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Wave of retirement hits Canadian workforce as healthcare, education lose workers

TORONTO — Canada is facing a wave of retirements driven by workers in high-pressure sectors, with an increasing number retiring before they turn 65.
A registered nurse takes a moment to look outside while attending to a ventilated COVID-19 patient in the intensive care unit at the Humber River Hospital during the COVID-19 pandemic in Toronto on January 25, 2022. Canada is facing a wave of retirements driven by workers in high-pressure sectors, with more retiring before they turn 65. THE CANADIAN PRESS/Nathan Denette

TORONTO — Canada is facing a wave of retirements driven by workers in high-pressure sectors, with an increasing number retiring before they turn 65. 

A new analysis of labour force survey data by the Canadian Centre for Policy Alternatives (CCPA) found that 73,000 more people retired in the year ending August 2022 compared to a year earlier, a jump of 32 per cent. 

Two-thirds of those excess retirements were in four industries: health care, construction, retail trade, and education and social assistance.

Senior economist David Macdonald said it’s highly unusual to see retirements at this level. But a closer look at some of the industries in question paints a picture of burnout, stress and ongoing pandemic difficulties leading to workers retiring earlier than they perhaps planned. 

While retirements are expected to go up gradually as baby boomers retire, 2022 is seeing a clear spike, said Macdonald. 

“This is very focused on some specific areas, which … makes it more of a short-term trend,” he said.

The retirement wave began earlier in 2022, Macdonald found. By April 2022, retirements in health care in a year had almost doubled, with 19,000 excess retirements compared with a year earlier. 

This likely means there’s a wave of highly skilled nurses leaving the profession, perhaps due to burnout after two years of the pandemic, said Macdonald. 

Canada’s most populous province is also driving the retirement wave, making up 66 per cent of the extra retirements in the year ending August despite having less than 40 per cent of Canada’s workers. Teachers retired in droves; two-thirds of extra retirements in education were in Ontario.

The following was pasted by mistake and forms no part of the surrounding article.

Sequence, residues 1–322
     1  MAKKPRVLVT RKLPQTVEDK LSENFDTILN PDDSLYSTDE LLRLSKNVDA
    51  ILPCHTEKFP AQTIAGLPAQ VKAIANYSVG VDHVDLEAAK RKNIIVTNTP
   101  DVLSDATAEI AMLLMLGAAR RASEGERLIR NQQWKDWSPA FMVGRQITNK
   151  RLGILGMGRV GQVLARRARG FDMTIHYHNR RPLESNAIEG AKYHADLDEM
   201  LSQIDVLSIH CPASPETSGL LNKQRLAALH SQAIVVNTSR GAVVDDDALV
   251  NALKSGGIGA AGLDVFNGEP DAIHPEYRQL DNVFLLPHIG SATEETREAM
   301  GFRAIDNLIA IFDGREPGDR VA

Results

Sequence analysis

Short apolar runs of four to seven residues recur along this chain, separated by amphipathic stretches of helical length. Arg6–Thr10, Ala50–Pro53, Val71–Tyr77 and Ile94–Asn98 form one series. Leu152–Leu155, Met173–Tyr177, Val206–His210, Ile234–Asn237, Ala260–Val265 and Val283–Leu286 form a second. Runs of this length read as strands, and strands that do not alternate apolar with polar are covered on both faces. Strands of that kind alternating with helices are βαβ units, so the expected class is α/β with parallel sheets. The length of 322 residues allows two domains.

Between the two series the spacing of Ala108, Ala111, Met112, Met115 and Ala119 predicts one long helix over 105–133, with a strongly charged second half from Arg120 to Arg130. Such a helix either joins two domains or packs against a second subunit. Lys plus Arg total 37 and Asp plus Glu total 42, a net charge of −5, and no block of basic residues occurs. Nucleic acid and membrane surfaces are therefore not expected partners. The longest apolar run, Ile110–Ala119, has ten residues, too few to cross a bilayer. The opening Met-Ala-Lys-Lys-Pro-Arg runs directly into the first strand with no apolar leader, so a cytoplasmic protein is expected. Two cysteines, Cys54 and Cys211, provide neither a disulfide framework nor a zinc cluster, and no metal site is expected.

Retirement in teaching drove the trend in the year ending August; 21,000 of the 73,000 additional retirements were in education services. 

Wage increases in Ontario’s public sector have been restricted by Bill 124, which may be a factor in health care and education workers deciding they’ve had enough, said Macdonald.

“There’s a breaking point,” he said.

“Those professions have not returned to normal. They are substantially different from how they were in 2019."

In the year ending June, extra retirements in retail trade peaked with an extra 13,000 workers. In July, it was construction that saw retirements jump. 

It’s not just the boomer generation that’s contributing to this wave, either. A surprising number of workers younger than 65 are retiring early, said Macdonald. 

In August 2021, the largest age group retiring were between 65 and 69, at 38 per cent of total retirements. A year later, that group made up 33 per cent of retiring workers, while the next youngest group of workers aged 60 to 64 had gone up three percentage points to 31 per cent. Retirements among workers 55 to 59 also went up.

“People are retiring, not because they're hitting 65, they're retiring for some other reason," said Macdonald.

There was also a wave of retirements at the beginning of the pandemic, as many workers decided to retire early instead of going through unemployment, he said.

If Canada goes into a recession, something similar might happen in some sectors, such as finance or real estate, said Macdonald. 

This report by The Canadian Press was first published September 30, 2022.

Rosa Saba, The Canadian Press